Boomkat Product Review:
Empty Editions follow up Eli Keszler’s dynamic inauguration, 'Last Signs of Speed ', with a spellbinding mesh of energies generated by Jean-Luc Guionnet’s extended alto sax tekkers and the wailing feedback systems of Daichi Yoshikawa.
Under the title Intervivos - Latin for “between the living” - they vividly and obscurely speak to the listener in a spectralist, non-verbal language, recorded during a week long residency at Hong Kong’s Empty Gallery. If you’re familiar with AMM, David Tudor, Rashad Becker or Iancu Dumitrescu, you may be able to understand what Guionnet and Yoshikawa are saying, but even if not, this side is a strong example of modern, boundary-pushing improv that should pique the interests of casual and hardcore listeners alike.
“Although Guionnet and Yoshikawa both come from prolific backgrounds in free jazz and electroacoustic improvisation -- Guionnet plays in The Ames Room with Will Guthrie and Clayton Thomas and Yoshikawa studied with AMM’s Eddie Prevost -- Intervivos sees them developing an approach to improvising which seeks to escape the increasingly narrow stylistic confines of these musical provinces. The album is characterized by a brutal foregrounding of process and material lacking from the experimental music of so many of their contemporaries. Rather than seeking refinement or resolution through existing structures, Guionnet and Yoshikawa prioritize a sort of collaborative musical searching in which the aural entanglement, layering and folding of their scorched intonations creates an emergent musical form -- a non-linear music which sounds both ancient and futuristic.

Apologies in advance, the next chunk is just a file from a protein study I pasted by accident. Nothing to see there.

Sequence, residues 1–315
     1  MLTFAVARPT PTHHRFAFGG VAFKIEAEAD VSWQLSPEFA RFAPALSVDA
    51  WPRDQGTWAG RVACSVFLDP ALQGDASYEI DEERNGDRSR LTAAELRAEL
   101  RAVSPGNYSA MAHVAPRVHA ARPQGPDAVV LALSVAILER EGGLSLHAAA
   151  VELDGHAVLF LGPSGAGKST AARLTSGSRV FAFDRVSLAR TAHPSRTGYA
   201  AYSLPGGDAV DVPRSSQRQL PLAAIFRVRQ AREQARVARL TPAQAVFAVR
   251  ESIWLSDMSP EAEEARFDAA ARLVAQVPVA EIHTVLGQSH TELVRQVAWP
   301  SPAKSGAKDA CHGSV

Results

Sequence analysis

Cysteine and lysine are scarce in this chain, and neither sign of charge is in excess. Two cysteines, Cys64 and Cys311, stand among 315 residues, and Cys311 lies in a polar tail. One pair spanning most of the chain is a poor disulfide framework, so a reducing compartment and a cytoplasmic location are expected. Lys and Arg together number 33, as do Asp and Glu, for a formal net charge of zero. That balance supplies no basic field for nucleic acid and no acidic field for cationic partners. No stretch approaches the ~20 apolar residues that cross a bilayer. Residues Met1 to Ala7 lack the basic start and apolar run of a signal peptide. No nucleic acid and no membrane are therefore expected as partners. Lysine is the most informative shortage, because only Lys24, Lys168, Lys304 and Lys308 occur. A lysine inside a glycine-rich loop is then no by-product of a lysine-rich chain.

Corruscating alto saxophone riffs appear suddenly, before disintegrating amidst slabs of feedback and flurries of metallic percussion. Other times, Yoshikawa and Guionnet conjure shifting clouds of sustained tones from the timbral meshing of their instruments - yielding a sound somewhere between the dense textures of Iancu Dumitrescu and the floating harmonics of Gagaku. Far from improvisation as we know it, this album instead gestures towards a speculative “electronic” music created through the ritualistic misuse of acoustic instruments. Intervivos is a fierce, undecorated triumph in the ruinous expression of instruments -- exalted in both its turbulence, and in its extreme testing of improvisational reality. Put summarily by Seymour Wright in the album’s liner notes: “You don’t need me to tell you how it sounds, or how to listen [...] this record begins when you play it.””